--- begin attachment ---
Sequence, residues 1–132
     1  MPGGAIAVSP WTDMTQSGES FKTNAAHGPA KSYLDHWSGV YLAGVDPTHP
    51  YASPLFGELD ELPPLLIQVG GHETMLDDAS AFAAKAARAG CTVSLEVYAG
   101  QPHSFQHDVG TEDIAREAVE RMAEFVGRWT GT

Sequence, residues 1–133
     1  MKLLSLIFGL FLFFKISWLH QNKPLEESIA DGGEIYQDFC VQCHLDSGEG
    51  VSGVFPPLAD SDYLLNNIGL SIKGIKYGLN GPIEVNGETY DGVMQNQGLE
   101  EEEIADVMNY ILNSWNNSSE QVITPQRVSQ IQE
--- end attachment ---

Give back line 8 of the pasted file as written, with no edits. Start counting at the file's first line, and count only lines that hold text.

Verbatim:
   101  EEEIADVMNY ILNSWNNSSE QVITPQRVSQ IQE